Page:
Surprise and delight
Warriors of the North provides a few surprises that I’d prefer to leave unmentioned for now. But several times, I found myself smiling when I reached a new area and realized where I was or what I was about to do.
What you won’t like
Vikings are boring
As a faction, the Vikings aren’t the most interesting lot. The Vikings (yes, one unit bears this name!) and Berserkers don’t feel all that different from the Berserkers and Barbarians of previous King’s Bounty games (sure, they look different but have similar abilities and cannon-fodder roles). The archer units are likewise uninspiring; the Soothsayer is the Viking mage, and he fills the role of both magic cannon and healer (though he does neither well). The Warrior Maiden combines the roles of archer, warrior, and healer, and while it does fight well, in my playthrough, these valuable units were in short supply. These are all missing the charm of King’s Bounty; the faction takes itself far too seriously (well, save for the quest about the arguing drinking buddies).
The only Viking unit that has any character to it is the Skald. Like the warrior bards of Norse lore, King Bounty’s Skalds focus on their musical abilities. One ability gives each of your units a random spell buff, and the other debuffs the enemy (including inflicting such powerful spells such as Pygmy, which shrinks your foe and reduces its damage by 40 percent). The Skald is the only must-have Viking unit, but since you only get a morale boost when your army consists of units of the same faction, I found myself using other Norsemen as well.
The other thing the Vikings have going against them is Warriors of the North’s first act, which has you using this faction almost exclusively (Neutrals exist, but they aren’t as plentiful as Vikings). This always can lead players to grow bored with it.
Is this King’s Bounty or Twilight?
The Undead are the big bad of Warriors of the North, but fight after fight against these shambling corpses grows tiresome. The Undead have always been one of the shadier factions in King’s Bounty, but making them the main villain faction in Warriors of the North doesn’t result in an epic conclusion. Because you don’t end up fighting much against other factions, you spend too many of your battles against the Undead, and consequently, you find yourself falling into similar patterns as you plot out your strategy because you’re facing the same foe again and again and again.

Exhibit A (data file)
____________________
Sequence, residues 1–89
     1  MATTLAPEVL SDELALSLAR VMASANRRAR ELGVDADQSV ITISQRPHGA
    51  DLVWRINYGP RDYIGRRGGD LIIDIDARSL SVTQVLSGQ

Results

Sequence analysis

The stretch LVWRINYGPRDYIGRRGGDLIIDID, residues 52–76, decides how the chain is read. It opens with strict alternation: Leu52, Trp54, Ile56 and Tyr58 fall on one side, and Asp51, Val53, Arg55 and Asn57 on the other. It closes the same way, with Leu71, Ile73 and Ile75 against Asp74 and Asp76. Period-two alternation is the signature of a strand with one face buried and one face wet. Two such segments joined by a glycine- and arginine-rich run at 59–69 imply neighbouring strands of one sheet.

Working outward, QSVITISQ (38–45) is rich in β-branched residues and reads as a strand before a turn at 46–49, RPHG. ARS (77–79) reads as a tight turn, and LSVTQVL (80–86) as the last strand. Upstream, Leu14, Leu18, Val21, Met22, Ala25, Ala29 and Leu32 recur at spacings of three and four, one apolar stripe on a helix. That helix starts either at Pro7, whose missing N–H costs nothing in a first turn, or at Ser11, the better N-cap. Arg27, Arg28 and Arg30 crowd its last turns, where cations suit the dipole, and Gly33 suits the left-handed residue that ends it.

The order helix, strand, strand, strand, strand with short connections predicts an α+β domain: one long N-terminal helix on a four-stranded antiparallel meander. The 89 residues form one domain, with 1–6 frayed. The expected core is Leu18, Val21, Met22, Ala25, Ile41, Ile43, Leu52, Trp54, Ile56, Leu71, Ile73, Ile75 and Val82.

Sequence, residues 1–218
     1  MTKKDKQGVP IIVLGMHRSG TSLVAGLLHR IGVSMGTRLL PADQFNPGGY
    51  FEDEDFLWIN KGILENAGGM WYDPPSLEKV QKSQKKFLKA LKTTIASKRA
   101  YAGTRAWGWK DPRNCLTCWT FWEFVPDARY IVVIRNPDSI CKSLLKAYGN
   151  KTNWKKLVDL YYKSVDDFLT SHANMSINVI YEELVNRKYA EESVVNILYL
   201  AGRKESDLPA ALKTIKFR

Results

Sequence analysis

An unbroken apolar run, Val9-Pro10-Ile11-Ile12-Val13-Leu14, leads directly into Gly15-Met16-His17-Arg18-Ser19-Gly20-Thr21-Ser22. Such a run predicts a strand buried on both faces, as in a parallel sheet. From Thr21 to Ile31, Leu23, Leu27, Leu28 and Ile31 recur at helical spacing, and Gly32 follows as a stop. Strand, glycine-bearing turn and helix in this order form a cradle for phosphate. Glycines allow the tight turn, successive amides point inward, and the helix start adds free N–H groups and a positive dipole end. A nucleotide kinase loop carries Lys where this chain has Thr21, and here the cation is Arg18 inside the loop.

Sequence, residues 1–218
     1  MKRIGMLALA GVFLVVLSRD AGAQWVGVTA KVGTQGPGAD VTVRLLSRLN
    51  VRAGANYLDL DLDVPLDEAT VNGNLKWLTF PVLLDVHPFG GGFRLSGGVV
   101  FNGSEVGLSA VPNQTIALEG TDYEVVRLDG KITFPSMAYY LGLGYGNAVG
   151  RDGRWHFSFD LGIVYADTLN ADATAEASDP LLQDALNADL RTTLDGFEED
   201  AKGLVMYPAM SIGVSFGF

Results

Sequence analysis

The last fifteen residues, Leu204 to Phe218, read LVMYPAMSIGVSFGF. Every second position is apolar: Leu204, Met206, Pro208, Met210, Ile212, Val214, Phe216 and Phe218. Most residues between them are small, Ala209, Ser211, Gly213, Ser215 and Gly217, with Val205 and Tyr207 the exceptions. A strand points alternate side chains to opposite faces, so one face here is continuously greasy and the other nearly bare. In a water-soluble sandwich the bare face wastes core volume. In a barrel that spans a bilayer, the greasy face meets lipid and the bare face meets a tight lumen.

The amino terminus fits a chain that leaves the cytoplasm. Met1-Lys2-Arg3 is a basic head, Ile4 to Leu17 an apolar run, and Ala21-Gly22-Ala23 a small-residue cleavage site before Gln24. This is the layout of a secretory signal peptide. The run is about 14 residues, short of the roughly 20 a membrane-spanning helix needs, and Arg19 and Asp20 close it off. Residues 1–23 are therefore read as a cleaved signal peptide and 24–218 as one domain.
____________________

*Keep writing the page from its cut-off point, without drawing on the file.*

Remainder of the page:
Where are the Lizardmen?
The second expansion added the Lizardmen faction, which has disappeared from Warriors of the North. I see two reasons for this: Either because it didn’t fit the story, or King’s Bounty coding can only support a specific number of factions, and it was either the Lizards or the Vikings. If it’s the latter, this shows me that it’s time for Katauri to move from this version of King’s Bounty for a King’s Bounty II. Certain Lizardmen units appear as Scruggs, beasts you can summon with Rune Magic. But considering that the Lizardmen are some of the more interesting units in King’s Bounty, it’s a shame that the faction isn’t in Warriors of the North.
Warriors of the North gives franchise fans something they love: more King’s Bounty. I’m a fan of more King’s Bounty, yet the magic is missing with this latest expansion. The Viking faction isn’t as fun to play as other groups. The tweaks to combat, though, give players more tactical options, something any player of a strategy-RPG can appreciate. And this makes it incredibly hard to hold something like a faction’s aesthetic against it. But the Vikings just aren’t interesting, and for the first time, a King’s Bounty expansion doesn’t measure up to the charm of the 2008 game.
But if Katauri is wise, the developer will kick the current King’s Bounty code out and begin development on King’s Bounty II. It’s time.
King’s Bounty: Warriors of the North released Oct. 26 for the PC. The publisher provided GamesBeat with a Steam digital download code for the purposes of this review.